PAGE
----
September 22, 2017

Fools for Christ’s Sake

By Connie W. Adams

The Corinthian church had many faults to overcome, not the least of which was the tendency to exalt human wisdom above divine simplicity. The simple gospel was foolishness unto the Greeks (1 Cor. 1:23). Apparently, some in the church in Corinth sought a synthesis between the gospel and Greek philosophy. In that number were some who were "puffed up" with human wisdom and who looked with disdain upon Paul and the other apostles. In a passage filled with irony, Paul checks this notion. He said:

For I think that God hath set forth us the apostles last, as it were appointed to death: for we are made a spectacle unto the world, and to angels, and to men. We are fools for Christ's sake, but ye are wise in Christ; we are weak, be ye are strong; ye are honorable, but we are despised. Even unto this present hour we both hunger, and thirst, and are naked, and are buffeted, and have no certain dwelling place; and labor, working with our hands: being reviled, we bless; being persecuted, we suffer it: being defamed, we intreat: we are made as the filth of the world, and the off-scouring of all things unto this day (1 Cor. 4:9-13).

As gladiators sent into the arena to be slain and devoured by wild beasts as a spectacle to those in the stands, even so, the apostles were looked upon as a curiosity to the world and their debasement provided amusement for the worldly wise. They were counted as filth washed from the body, unworthy of the slightest respect. Paul and his companions suffered such indignity for the sake of the Corinthians and others they taught in order to enhance their spiritual state. It was through the labor of such a despised one that they had received the gospel. "For in Christ Jesus I have begotten you through the gospel" (4:15).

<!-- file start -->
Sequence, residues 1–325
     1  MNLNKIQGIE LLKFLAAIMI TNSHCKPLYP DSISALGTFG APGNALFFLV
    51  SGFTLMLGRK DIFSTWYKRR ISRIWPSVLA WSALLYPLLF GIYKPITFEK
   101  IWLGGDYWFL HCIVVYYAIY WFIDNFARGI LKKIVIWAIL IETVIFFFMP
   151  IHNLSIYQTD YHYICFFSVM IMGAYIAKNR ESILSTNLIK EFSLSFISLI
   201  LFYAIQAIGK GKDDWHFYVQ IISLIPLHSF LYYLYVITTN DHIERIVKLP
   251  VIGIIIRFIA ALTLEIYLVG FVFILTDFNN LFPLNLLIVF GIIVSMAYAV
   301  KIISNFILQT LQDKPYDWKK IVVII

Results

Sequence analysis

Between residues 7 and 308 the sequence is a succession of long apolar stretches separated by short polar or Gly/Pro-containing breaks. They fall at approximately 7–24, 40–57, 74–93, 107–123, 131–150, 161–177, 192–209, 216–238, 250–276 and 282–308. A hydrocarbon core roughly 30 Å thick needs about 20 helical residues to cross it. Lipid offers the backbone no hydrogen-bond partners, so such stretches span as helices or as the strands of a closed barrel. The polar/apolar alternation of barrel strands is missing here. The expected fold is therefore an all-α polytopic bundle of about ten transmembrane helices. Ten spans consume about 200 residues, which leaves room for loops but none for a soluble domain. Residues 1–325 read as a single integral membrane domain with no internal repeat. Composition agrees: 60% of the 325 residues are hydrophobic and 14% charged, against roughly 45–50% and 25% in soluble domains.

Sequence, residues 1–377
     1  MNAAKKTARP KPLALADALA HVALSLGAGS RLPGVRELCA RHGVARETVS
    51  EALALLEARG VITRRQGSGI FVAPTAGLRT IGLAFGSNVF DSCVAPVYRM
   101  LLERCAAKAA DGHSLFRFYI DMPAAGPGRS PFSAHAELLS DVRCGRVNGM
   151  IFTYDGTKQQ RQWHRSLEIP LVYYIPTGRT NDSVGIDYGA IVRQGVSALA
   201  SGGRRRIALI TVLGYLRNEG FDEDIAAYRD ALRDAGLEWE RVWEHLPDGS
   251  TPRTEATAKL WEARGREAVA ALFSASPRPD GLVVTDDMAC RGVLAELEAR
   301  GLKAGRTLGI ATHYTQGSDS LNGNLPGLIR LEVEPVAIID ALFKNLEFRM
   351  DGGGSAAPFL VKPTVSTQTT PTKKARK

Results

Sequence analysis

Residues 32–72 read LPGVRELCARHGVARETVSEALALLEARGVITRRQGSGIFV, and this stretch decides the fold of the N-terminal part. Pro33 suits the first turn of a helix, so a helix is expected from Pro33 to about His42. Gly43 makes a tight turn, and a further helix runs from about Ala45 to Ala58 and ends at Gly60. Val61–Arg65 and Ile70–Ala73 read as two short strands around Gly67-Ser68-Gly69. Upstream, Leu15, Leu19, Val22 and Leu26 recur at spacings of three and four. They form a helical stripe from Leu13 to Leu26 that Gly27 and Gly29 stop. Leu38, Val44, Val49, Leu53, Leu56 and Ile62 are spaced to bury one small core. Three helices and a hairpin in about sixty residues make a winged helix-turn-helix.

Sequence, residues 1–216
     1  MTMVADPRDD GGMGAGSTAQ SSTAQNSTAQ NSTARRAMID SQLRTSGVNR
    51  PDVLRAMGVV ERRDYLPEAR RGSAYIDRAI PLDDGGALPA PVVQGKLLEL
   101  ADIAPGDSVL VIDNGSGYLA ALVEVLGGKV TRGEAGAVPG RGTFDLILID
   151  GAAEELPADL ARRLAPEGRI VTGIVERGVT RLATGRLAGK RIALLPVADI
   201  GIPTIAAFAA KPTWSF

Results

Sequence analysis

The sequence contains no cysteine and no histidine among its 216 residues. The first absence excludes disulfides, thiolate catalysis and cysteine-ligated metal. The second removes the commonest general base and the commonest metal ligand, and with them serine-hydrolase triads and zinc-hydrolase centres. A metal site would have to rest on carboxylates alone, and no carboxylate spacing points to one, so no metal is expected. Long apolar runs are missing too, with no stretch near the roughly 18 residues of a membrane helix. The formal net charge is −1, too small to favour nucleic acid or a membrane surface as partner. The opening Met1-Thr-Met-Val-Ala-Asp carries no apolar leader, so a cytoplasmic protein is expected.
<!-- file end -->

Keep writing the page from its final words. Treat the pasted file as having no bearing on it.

The world still considers those who live by the principles of the gospel to be "fools." Let some high ranking official state a religious conviction and watch the secular press go into orbit. A recent instance of this was found in a speech made on April 9, 1996 by U.S. Supreme Court Justice Antonin Scalia before the Mississippi College School of Law. He said, "Devout Christians are destined to be regarded as fools in modern society ... We are fools for Christ's sake . . .We must pray for courage to endure the scorn of the sophisticated world . . . Surely those who adhere to all or most of these traditional Christian beliefs are to be regarded as simple-minded." Some of his remarks were draped in sarcasm aimed directly at those worldly sophisticates who deprecate the principles and values which believers in Christ hold dear.

That was enough to start a firestorm. Richard Cohen of the Washington Post wrote: "I think this Supreme Court justice is a cheap shot artist." He characterized Scalia's remarks as "foolishness," said they were "jarring" and suggested that the judge was not suited to sit in on any case involving the separation of church and state. Jamin B. Raskin, professor of constitutional law at American University in Washington, D.C. said Scalia "stepped over the line of what is proper . . . we expect Supreme Court justices to be the most secular of our public servants."

You would think that expressions of faith were new to this justice of the court or to other leaders in our nation. Not so. The first chief justice of the U.S. Supreme Court was John Jay who was also governor of New York at one time. In 1816 he said, "Providence has given to our people the choice of their rulers, and it is the duty of our Christian nation to select and prefer Christians for their rulers" (Johnston, The Correspondence and Public Papers of John Jay, Vol. 4, p. 393). As late as 1952, justice William O. Douglas wrote: "We are a religious people whose institutions presuppose a Supreme Being" (Case of Zorach vs. Clauson). One of the more liberal judges we have ever had was chief justice Earl Warren. Yet, in a speech in 1954 which was reported in Time magazine, he said: